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May 12, 2016 1:33 PM EDT

We’d already been living through a year of TV nostalgia—with The X-Files revival and Fuller House grabbing eyeballs and irritating critics—before the return of Will McAvoy.

The protagonist of HBO’s little-loved The Newsroom, a blowhard cable-news anchor with all the answers, resurfaced on the Bloomberg Politics show With All Due Respect; actor Jeff Daniels unleashed a plainly scripted homage to the character’s tendency to go on rants. For those disillusioned by Donald Trump’s and Hillary Clinton’s respective ascendancies, Daniels’s in-character speech surely felt comforting, even as it made no ideological point besides “this campaign is annoying.” Daniels announced on the one hand that the election of a woman wasn’t “unprecedented” because of the electoral history of other countries—a false equivalency—and on the other hand alluded to Clinton’s deleted emails as a sign of her untrustworthiness. Well, is she electable or not? Or does making any kind of insightful point on a show notionally about politics matter less than the jolt of seeing a familiar TV character doing a familiar old shtick?

Will McAvoy isn’t the only TV character to see a reprise in recent weeks. Allison Janney’s C. J. Cregg, the press secretary from The West Wing, resurfaced during the White House Correspondents’ Dinner weekend, giving a “briefing” to the assembled press corps. Janney delighted those who cover the White House by declaring she was “better at this” than the real-world press secretary. Though the real-life Janney had a real point to make (she was there to bring attention to opioid addiction, she said), there was an undeniable voltage, at least in the breathless press coverage, to the Cregg homage. Janney doubled down on the shtick with an appearance on The Late Late Show, in which she did a West Wing-esque “walk and talk” and told some flaccid jokes about politics with West Wing costar Bradley Whitford.

There isn’t currently a series by Newsroom and West Wing impresario on the air, but with news and talk media so eager to put forward his characters’ sensibilities, who notices a lack? The aggressive nostalgia for his characters’ snappy points of view fills a certain gap that’s been curiously unfilled in the ongoing presidential campaign—that of substantially penetrating satire. Though “Cregg” said nothing and “McAvoy” said less than nothing, their mere presence was nourishing red meat for an audience of liberals who’ve been underserved by traditional outlets of commentary this season.

Take, for instance, Saturday Night Live. The sketch-comedy series that, eight years ago, so lacerated Sarah Palin that many people still believe the candidate said she could see Russia from her house (she didn’t, Tina Fey did) has not only basically declined to meaningfully satirize presumptive Republican nominee Donald Trump as anything other than “an orange guy who pouts a lot,” it handed him the keys to the kingdom by having him host a safe, uncritical episode. Trump effectively outruns any satire of him that network shows are willing to do of him, and is in on the joke—he’s gleefully shown up on Fallon’s and Colbert’s couches for largely genial interviews. (Colbert’s play for the political center, after his years of far more aggressive political bits on Comedy Central, is understandable but leads to a somewhat uncanny viewing experience, despite the host’s skills.) And on onetime political-comedy standby The Daily Show, South African-born comic Trevor Noah seems simply befuddled.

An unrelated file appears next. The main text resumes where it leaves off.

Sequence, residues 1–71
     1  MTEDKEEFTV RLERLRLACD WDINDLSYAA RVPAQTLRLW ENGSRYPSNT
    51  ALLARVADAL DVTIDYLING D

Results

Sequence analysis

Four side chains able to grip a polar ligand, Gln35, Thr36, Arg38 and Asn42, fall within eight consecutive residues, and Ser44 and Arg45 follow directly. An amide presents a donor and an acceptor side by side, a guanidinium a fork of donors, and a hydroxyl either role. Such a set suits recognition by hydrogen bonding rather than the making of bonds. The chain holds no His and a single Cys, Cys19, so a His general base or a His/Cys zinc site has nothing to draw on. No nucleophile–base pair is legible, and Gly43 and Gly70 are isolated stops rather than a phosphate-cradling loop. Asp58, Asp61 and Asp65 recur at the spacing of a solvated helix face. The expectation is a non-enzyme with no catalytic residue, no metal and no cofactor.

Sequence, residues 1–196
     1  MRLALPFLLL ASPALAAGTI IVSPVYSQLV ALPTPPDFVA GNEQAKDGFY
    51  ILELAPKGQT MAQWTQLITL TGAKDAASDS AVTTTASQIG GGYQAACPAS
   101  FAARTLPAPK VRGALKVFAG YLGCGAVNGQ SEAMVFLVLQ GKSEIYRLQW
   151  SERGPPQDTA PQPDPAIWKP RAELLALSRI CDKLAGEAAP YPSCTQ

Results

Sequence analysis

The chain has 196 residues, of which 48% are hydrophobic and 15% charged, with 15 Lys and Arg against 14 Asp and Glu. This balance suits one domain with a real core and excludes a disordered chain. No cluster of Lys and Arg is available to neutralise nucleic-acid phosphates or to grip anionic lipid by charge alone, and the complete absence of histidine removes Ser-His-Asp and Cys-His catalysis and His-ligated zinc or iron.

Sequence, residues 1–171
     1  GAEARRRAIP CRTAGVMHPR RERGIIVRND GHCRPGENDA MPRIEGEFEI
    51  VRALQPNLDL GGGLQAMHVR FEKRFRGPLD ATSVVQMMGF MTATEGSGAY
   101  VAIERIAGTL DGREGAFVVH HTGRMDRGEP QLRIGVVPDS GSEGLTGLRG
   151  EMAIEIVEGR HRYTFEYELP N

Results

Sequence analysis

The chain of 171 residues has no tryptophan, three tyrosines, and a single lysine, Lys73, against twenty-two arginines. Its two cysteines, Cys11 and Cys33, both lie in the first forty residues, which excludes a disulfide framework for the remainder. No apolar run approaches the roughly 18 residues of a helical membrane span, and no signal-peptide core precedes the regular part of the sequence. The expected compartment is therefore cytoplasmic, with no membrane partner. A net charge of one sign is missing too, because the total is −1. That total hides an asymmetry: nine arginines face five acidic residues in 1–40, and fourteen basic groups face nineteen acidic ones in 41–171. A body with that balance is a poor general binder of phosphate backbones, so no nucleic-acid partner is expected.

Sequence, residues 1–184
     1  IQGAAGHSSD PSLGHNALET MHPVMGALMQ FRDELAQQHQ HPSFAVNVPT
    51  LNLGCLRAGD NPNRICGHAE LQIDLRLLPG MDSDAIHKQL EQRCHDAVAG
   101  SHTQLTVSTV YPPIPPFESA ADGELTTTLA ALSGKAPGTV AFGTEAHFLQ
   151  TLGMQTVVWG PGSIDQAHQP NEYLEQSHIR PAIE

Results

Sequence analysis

It’s not that there are no jokes out there about the current political scene that penetrate, but it does feel as though the story has developed more quickly than comedy’s ability to metabolize it. So when a character from a show known for its strong and aggressive point-of-view reoccurs to dish out bland but loud platitudes—whether that character is Will McAvoy or the notionally retired Jon Stewart, declaring Donald Trump a “man-baby” and returning to the exhausted “small hands” well in a widely-covered interview with David Axelrod—it has the tendency to feel like a public service. Louis C.K.’s self-conscious “throwback” series Horace and Pete was widely praised, for instance, for the manner in which its quick turnaround time allowed it to comment on Donald Trump, even when the statements lacked much in the way of insight. The mere fact they happened at all was startling.

Past election cycles generated meaningful entertainment, so much so that it’s jarring to look out over a dried-up comedy landscape today. There’s action on its fringes, like on TBS’s Full Frontal with Samantha Bee, but the entire mainstream has basically ceded the generation of political entertainment to one very entertaining politician with whom they can’t keep up. The West Wing and The Newsroom may, indeed, be the perfect shows for a moment in which it’s probably too late to expect a major and defining satirist to emerge. Both shows, depicting justice and reason perpetually winning out, were all about wish-fulfillment. If comedy can’t deflate a frontrunner, or isn’t willing to try, “comic” spins on old material that imagine an entirely different world can at least anesthetize viewer pain.

Contact us at letters@time.com.

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